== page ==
Dallas Eakins wasn't Edmonton's sole problem, but he was one of them
Ten days ago Edmonton GM Craig MacTavish called a press conference to reaffirm that Dallas Eakins is the right man to lead the Oilers. He said Eakins is relentless, he said he believes the team is buying into his leadership … and then Monday, he told Eakins that he no longer has a job.
Then - in the most Oilers move possible - he tapped himself to take over the role of head coach in the interim.
Despite there being numbers that show the Oilers as slightly improved over years past, none of those numbers happened to be "wins," and in a results-based business like hockey, that can only continue for so long.
In the wake of Eakins dismissal, it will be easy to find people who point out that the Oilers have had both bad luck (they have) and bad goaltending (they have), both of which are not the fault of the head coach. Those are two things a bad team trying to pull itself out of the basement simply can't be asked to endure, undeniably. But it was more than that.
This is a team that is legitimately bad on special teams, an area where coaches can be hugely influential. This is a team that can't break out of its own zone, another place where actual systems are implemented. This is a team that consistently gets burned in its own zone in fundamental coverage situations - the area in which a coach wields the most influence.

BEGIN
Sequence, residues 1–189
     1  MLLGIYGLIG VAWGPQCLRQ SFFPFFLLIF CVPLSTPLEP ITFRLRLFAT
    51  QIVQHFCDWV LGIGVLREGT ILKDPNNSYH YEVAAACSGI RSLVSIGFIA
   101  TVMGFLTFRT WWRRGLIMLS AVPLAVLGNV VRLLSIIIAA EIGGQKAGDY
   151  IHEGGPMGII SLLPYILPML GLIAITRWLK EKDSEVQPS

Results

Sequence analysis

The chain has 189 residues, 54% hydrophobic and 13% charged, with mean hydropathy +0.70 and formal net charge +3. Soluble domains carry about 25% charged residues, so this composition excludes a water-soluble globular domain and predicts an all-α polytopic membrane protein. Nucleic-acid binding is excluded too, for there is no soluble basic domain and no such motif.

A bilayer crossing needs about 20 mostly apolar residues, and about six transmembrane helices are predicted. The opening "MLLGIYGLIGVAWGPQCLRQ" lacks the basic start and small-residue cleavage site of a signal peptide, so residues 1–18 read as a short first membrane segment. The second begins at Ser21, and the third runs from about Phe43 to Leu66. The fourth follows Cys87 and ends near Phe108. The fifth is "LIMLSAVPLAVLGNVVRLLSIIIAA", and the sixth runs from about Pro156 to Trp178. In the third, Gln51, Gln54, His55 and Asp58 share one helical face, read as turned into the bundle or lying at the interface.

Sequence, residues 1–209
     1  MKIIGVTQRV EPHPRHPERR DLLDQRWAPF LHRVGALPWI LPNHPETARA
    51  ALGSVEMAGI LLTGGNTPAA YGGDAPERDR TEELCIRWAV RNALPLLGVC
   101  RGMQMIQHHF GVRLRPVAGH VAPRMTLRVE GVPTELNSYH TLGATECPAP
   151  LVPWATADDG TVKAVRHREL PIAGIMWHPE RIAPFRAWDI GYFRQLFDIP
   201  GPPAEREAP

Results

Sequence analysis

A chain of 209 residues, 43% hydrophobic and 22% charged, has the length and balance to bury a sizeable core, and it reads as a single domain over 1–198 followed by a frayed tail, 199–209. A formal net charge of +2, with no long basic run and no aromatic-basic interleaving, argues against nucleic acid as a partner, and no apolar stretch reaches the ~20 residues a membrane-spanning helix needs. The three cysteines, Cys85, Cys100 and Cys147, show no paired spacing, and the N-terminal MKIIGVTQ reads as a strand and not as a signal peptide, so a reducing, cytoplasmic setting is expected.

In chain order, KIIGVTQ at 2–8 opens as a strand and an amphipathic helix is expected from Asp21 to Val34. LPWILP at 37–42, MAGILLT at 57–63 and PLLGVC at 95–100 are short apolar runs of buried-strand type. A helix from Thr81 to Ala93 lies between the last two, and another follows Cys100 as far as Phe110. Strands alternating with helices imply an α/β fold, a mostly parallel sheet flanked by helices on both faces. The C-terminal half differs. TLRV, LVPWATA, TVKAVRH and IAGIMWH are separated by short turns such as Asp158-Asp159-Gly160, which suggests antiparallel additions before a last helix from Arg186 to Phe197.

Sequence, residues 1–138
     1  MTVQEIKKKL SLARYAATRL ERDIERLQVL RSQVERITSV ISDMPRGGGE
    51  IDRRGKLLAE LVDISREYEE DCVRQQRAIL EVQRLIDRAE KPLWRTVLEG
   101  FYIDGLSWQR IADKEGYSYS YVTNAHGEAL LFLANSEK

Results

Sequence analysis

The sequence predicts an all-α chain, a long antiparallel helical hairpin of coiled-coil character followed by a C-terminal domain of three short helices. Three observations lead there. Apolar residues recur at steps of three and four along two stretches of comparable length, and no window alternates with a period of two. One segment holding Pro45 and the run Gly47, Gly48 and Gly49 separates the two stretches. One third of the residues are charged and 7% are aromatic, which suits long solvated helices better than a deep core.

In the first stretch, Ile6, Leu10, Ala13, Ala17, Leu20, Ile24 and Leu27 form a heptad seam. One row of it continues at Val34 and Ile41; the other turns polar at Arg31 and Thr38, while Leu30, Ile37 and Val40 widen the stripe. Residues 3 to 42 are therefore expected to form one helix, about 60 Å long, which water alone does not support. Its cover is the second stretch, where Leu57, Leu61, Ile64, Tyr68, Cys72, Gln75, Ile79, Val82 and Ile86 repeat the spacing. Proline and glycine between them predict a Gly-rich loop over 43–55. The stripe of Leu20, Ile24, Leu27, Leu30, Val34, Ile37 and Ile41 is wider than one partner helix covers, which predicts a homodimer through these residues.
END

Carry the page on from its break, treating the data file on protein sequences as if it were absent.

It's quite possible that Dallas Eakins is a good coach and he struggled with a team unwilling to learn. Maybe that bad luck and goaltending really did burn him, and yes, they definitely need some better personnel.
But there were more than enough signs beyond wins and losses to believe he didn't have the Oilers playing as well as they could, and when you lose 15 of your last 16 games, the light is going to shine on shortcomings.
Winning is a good deodorant for a team's flaws, and the Oilers have stunk for awhile. Something had to change, so it's hard to fault the Oilers for making a call many thought would come sooner.